Saturday, December 24, 2016

Finding A Platform

I've been happier than I think I should be, spending a Walden-esque week alone in my apartment. It's possibly unhealthy to be as isolationist as I am, but honestly, I've been positively ecstatic to lounge around in my pajamas for a week straight and not have to interact with anyone in real life. I'm sad that it's over so soon; I feel like I could do this for at least a month straight. The apartment gets lots of sunshine and has big windows for fresh air; I can sit and listen to music uninterrupted while lost in thought; everything is so clean and quiet. I could do with more visits from friends, but living by myself is a dream come true. Woo!

But without IRL visits, the only way to stay connected to people it seems is through social media. I don't know what it is about it, but I have a strong aversion toward social media sites. I have all the accounts — Instagram, Twitter, you name it — but I don't use them. I don't post or like or tweet; I refuse to use the Facebook app or keep myself logged in on my browser. Perhaps these apps were more relevant in a small high school setting where everyone knew each other and wanted to keep up with what people are doing. In a way it's good for staying connected to those people once everyone leaves for college, but I don't want that. It's too draining to think about people I don't care about, who probably don't care about me either. When I spend time scrolling through social media catching up on irrelevant people from my past, I feel like miss out on life that is happening right now. Maybe I just don't have enough friends.

Granted, Facebook is a convenient way to access people, Instagram is a nice digital photo book, and Twitter makes it easy to engage with trends across the globe, but those aren't my priorities. I want to be directly connected with the people I care about and only see content from them. However, they don't post much on social media either, so those sites are more or less useless. But for some odd reason, I continue to feel obligated to engage with them through social media, because I should want to be social in an extrovert's world?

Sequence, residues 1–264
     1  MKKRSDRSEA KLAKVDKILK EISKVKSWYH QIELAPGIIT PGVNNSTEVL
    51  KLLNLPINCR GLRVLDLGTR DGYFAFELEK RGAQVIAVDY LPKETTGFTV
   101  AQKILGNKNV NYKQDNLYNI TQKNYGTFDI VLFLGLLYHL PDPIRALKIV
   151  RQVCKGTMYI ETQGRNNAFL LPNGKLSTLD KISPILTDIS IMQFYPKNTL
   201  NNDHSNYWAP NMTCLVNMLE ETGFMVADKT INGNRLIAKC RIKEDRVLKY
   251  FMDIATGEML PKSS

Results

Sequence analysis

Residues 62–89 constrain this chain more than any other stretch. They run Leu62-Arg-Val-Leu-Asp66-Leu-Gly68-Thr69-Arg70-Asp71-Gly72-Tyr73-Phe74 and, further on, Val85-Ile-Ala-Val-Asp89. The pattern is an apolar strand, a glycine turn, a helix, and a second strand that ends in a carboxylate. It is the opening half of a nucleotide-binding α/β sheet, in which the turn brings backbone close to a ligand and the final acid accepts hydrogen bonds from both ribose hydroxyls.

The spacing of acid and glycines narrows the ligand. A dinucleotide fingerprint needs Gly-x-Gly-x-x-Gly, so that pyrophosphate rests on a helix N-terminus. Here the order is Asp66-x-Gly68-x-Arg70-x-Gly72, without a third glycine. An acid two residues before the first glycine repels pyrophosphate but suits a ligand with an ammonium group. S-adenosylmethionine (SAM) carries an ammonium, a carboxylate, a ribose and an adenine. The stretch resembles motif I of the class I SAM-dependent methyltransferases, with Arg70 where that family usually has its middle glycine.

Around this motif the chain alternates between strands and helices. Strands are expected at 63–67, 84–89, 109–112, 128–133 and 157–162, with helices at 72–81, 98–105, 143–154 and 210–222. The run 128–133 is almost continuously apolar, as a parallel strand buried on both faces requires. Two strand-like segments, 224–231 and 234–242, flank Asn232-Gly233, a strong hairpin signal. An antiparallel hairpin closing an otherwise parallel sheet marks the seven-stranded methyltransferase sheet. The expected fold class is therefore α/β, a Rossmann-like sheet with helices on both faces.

I'm not saying that all social media is bad. There are social media sites that I do enjoy. I like the "media" part but I don't like the "social" part, which is why I find myself most engaged on content-based sites like Tumblr and Pinterest. However, given the aggregate nature of these sites, it's difficult to keep track of my own original content. Exclusively original content based sites are also insufficient. Having a blog, which by this point in digital development is almost pathetically old-fashioned, doesn't allow me to consume content from others. iMessage and Snapchat are closest to that middle ground, but they veer more towards direct communication than social media.

At the risk of sounding like an overrated hipster, I think Polaroids and scrapbooks are great for capturing memories. Maybe it's the nostalgia of being a 90's kid, but I remember a time before social media, and I don't think it's a necessity now either. Maybe I'm not using social media correctly, or something about my personality is incongruous to the use of social media. I want to engage in social media, but so far none of the existing sites that I am aware of fit what I'm looking for from the concept of social media.

I think I'd enjoy a platform that has the right balance of original content, passive media consumption, and interpersonal engagement. But since I don't see one yet, I might as well get rid of the guilty (?) social media weight on my shoulders. For 2017, I plan on changing my profile picture and then deactivating Facebook again once and for all. The bottom line is I don't want or need that kind of social media, period. There are so many more interesting things I could be doing with my time than scrolling through my Newsfeed reading about my second grade best friend's new car hobby. For now, though they're imperfect, iMessage and Snapchat are sufficient. ◊

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